In Honored Glory!
World War I Honor Roll

Ralph B. Elder

Corporal, U.S. Army

Company E
114th Infantry Regiment, 
29th Infantry Division

Entered the Service from: New Jersey
Died: October 12, 1918
Buried at: Plot E Row 39 Grave 29
Meuse-Argonne American Cemetery
Romagne, France

CORPORAL RALPH B. ELDER was born April 3, 1894 in Camden NJ to Marcus W. and Frances Elder. The family had lived in South Camden in the late 1880s and early 1890s. When the Census was taken in 1900 the family lived at 101 Marlton Avenue in East Camden. Marcus Elder was then a clerk at an oil works. It appears that Marcus Elder passed away in the 1900s, as by the time of the 1900 Census Frances Elder had married Asher Tettmer. The family then lived at 610 Vine Street in North Camden. Ralph Elder, then 16, had gone to work in one of Camden's shipyards.

Ralph Elder was living at 134 North 26th Street in East Camden when he registered for the draft on June 5, 1917. At that time he was working for A. H. Green in Camden, making asbestos pole coverings. Ralph Elder had enlisted in the old 3rd New Jersey National Guard Regiment on February 27, 1916. He was activated and went away with his regiment on July 25, 1917. Ralph Elder was subsequently assigned to Company E, 114th Infantry Regiment, 29th Infantry Division, 

Corporal Elder was killed in action on October 12, 1918 while serving with Company E, 114th Infantry Regiment, 29th Infantry Division. This unit was part of the attack on German positions near Verdun on October 8, 1918.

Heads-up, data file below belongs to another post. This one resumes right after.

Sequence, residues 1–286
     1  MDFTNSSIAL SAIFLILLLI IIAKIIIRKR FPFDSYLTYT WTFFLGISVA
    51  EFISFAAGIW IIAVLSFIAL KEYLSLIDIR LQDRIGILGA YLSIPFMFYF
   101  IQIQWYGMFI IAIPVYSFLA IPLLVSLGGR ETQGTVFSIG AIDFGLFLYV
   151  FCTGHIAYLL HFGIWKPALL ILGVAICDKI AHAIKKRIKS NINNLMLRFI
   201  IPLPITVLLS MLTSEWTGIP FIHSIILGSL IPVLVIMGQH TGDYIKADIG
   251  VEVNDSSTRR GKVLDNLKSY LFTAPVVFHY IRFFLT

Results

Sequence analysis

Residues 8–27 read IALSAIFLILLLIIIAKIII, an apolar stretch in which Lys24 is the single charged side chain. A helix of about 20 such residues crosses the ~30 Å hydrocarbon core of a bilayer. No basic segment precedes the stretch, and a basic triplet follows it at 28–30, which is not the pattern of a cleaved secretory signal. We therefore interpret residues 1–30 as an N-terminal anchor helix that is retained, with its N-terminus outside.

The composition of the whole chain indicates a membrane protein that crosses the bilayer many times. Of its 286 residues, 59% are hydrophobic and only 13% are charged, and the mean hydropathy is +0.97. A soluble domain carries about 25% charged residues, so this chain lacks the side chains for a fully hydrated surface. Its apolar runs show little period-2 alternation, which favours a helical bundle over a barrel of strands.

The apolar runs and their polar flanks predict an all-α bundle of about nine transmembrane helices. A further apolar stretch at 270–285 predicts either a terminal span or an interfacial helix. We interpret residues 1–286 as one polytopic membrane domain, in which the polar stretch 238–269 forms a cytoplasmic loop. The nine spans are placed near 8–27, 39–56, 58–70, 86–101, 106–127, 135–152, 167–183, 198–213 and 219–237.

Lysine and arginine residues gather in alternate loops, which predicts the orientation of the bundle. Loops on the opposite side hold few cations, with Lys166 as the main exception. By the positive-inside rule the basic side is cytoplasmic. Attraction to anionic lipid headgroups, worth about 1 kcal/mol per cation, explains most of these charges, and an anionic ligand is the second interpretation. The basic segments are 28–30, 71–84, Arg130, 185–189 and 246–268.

The 29th Infantry Division's account record has the following account for October 12 1918:

The 114th Infantry, 29th Division was attached to the 18th French Division, moved from its bivouac in the Cotee des Roches into position in the Ravin de Coassinvaux on the night of the 11th-12th October preparatory to an attack upon the Bois d'Ormont, which the Division had been ordered to make at 0700hrs on the 12th. In conjunction with the 66th French Infantry, the 114th moved to attack at the hour designated.

The objective of the 114th was the enemy line between Bois d'Ormont and Bois d'Moirey. The enemy has established a very strong dug in concrete line of machine guns. The French artillery unit providing preparatory fire had a severe shortage of artillery ammunition. The small amount that was actually fired was placed to far behind the enemy lines*. The artillery had very little effect on the enemy machine gun line and caused very little damage. The 1st Company of the 111th Machine Gun Battalion began its advance on Bois d'Ormont to support the 114th advance but was forced to pull back after only five minutes due to the heavy German Artillery. After just five minutes eleven soldiers of the 111th were killed.

The 114th eventually made it into Bois d'Ormont but the cost was very high. Six officers and 112 enlisted men were killed, twelve officers and 800 enlisted men were wounded in the engagement.

On October 12, 1918 the Bois d'Ormont was conquered at the cost of 118 casualties. Corporal Elder and  Private First Class Chester Anzide, both of Company E,  and several other Camden County men were of that number. 

Corporal Elder was one of three men who rushed a German machinegun nest in the Argonne Forest on October 12, 1918. One of his comrades was shot to pieces, another shot through the lungs, and Corporal Elder took a bullet through the eye, which caused his death.

Ralph Elder was 23 years old, and was survived by his mother, of 30 North 26th Street, Camden NJ and several siblings and step-siblings. 

World War I Draft Registration Card
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